Poorly defined UMN-related policies may have other consequences. A 2022 study by the European Federation of Pharmaceutical Industries and Associations (EFPIA), entitled ‘The Pharmaceutical Industry in Figures’, shows that the research and development (R&D) investment gap between global regions is widening. Between 1990 and 2019, R&D investment in Europe grew 4.9 times, while it multiplied by more than 9.5 times in the United States. Today, 48% of global new treatments are of US origin compared with just 22% emanating from Europe. Europe’s share of global R&D investment is decreasing relative to other major research centres and the ability to effectively compete for clinical research is not keeping pace with other countries. Leading-edge technology research units have been shifting from European locations, mainly to the US and more recently to China.

This growing gap could deepen as result of inadequate healthcare policy frameworks capable of retaining pharmaceutical R&D in Europe. The implication of losing pharmaceutical R&D is enormous in terms of financial resources, jobs, technological transfers, localisation of know-how and so on, but most of all, there may be a direct impact on people living with conditions that are included in clinical trial protocols.

Conversely, the US Food and Drug Administration’s (FDA) ‘Accelerating Rare disease Cures’ (ARC) programme is an exemplary policy that expressly favours R&D. Launched in May 2022, the initiative is set to speed up and increase the development of effective and safe treatment options addressing the unmet needs of people living with rare diseases.

A shared understanding of what constitutes a UMN is critical to providing a consistent, reliable signal to innovators and persons under treatment alike. Therefore, the Commission’s definition should take into consideration four ideas that may help frame the debate about UMN more broadly.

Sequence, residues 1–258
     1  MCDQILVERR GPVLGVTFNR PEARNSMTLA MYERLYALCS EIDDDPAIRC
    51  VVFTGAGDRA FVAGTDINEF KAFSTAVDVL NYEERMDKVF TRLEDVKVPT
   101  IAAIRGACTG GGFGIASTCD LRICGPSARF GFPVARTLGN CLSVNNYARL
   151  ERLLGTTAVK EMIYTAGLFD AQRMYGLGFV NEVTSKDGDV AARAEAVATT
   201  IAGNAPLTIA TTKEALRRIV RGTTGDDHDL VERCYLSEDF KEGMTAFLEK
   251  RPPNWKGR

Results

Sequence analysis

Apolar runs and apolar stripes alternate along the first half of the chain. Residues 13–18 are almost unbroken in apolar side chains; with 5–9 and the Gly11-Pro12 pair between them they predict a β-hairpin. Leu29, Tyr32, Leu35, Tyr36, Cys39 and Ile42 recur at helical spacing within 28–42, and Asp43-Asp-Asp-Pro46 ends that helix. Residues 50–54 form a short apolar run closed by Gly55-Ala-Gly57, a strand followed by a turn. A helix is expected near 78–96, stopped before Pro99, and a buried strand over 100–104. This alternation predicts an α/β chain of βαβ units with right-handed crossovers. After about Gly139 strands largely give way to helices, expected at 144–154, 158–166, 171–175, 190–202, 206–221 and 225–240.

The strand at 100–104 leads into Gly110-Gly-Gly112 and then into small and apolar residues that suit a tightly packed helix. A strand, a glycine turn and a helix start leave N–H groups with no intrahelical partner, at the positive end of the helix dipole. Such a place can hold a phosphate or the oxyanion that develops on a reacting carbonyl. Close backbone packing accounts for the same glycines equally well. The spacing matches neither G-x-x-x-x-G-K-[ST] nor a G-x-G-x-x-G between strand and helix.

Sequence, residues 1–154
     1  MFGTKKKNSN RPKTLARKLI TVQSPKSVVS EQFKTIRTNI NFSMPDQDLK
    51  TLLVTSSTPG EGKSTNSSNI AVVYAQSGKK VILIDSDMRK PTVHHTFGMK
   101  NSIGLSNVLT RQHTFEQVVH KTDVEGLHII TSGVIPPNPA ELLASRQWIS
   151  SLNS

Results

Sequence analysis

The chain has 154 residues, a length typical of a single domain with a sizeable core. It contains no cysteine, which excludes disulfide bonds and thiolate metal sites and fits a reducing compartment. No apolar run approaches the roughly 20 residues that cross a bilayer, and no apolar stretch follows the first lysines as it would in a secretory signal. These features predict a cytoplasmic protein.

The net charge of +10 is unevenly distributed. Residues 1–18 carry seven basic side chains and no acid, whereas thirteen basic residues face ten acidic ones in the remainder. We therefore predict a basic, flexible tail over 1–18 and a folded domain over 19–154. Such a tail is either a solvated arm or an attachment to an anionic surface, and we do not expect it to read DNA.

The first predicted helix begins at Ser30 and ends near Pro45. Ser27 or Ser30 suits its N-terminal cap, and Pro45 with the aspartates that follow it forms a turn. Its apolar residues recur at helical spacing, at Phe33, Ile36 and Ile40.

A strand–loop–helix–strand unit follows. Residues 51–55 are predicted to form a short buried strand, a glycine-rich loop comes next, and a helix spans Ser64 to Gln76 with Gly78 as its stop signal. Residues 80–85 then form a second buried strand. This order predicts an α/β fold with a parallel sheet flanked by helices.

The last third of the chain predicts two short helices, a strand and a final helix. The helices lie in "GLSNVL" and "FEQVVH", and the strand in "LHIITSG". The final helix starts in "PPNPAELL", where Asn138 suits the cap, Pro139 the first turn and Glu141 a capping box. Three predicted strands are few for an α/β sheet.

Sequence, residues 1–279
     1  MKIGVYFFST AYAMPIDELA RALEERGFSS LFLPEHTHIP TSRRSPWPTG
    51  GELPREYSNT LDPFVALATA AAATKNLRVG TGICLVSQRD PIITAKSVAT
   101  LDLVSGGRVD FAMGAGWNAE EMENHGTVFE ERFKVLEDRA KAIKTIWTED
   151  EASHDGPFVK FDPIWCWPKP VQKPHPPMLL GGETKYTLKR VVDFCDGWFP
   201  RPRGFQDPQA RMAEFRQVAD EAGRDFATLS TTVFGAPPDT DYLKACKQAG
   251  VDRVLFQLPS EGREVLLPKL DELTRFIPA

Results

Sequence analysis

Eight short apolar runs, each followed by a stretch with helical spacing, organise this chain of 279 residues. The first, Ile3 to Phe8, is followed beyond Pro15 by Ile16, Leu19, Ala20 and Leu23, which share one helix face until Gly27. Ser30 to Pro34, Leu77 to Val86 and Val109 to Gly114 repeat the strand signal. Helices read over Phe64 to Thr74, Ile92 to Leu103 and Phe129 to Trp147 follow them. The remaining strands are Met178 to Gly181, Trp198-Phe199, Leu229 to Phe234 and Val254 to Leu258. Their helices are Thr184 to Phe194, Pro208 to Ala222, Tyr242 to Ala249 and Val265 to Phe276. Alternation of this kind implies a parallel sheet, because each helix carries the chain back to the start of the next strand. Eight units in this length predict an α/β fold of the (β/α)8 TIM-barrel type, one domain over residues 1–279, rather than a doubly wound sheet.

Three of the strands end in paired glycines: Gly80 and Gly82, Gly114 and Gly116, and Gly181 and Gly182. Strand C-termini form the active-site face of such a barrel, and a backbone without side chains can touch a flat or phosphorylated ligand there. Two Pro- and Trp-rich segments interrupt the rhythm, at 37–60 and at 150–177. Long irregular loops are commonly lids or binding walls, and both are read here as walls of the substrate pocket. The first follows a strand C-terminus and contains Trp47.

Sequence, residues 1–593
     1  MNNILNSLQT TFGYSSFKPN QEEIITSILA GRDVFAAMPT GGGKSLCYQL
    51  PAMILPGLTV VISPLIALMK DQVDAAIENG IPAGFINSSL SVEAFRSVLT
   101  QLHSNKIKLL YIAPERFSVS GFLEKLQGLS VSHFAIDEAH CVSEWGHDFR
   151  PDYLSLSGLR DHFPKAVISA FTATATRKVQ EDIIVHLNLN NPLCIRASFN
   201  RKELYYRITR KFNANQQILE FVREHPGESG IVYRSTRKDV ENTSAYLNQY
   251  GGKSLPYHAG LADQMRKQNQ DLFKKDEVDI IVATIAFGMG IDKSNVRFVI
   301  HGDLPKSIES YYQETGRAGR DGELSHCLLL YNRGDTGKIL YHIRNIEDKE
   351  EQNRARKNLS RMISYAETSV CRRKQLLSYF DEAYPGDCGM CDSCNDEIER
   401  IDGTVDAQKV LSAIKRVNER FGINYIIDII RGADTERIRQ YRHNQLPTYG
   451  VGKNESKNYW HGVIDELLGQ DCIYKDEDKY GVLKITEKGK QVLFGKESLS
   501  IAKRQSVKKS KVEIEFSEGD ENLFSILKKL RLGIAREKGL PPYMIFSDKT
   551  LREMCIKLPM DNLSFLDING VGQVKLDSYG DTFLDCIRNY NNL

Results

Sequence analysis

Firstly, if the Commission’s intent is to find ways of tailoring a system of incentives provided by the Pharmaceutical Strategy for Europe to stimulate innovation in areas of UMNs, then the approach may also need to consider the dynamic nature of R&D funding globally.

Secondly, a deep understanding of how research into UMNs has historically energised the innovation process will offer insight into the incentives that might attract or deter the conduct of pharmaceutical research in Europe.

Thirdly, decision-making must be oriented to favour a person-centred approach, in which the perspective of people and populations at risk are clearly considered.

Finally, the Commission should consider competitive factors, such as financial incentives and rewards for innovation, flexibility and speed of the existing regulatory pathways, and improvement of the predictability of post-regulatory processes, including member state actions on access and pricing.

The process of defining a UMN should ultimately serve our communities and their medical needs and provide a predictable and stable framework that rewards innovators for taking on a considerable amount of risk to develop medicines and therapeutics. All stakeholders in the medical value chain should aspire to improve health directly, while encouraging a research environment in Europe that continues to inspire the development of new, life-improving innovations that fight serious illnesses and address unmet medical needs.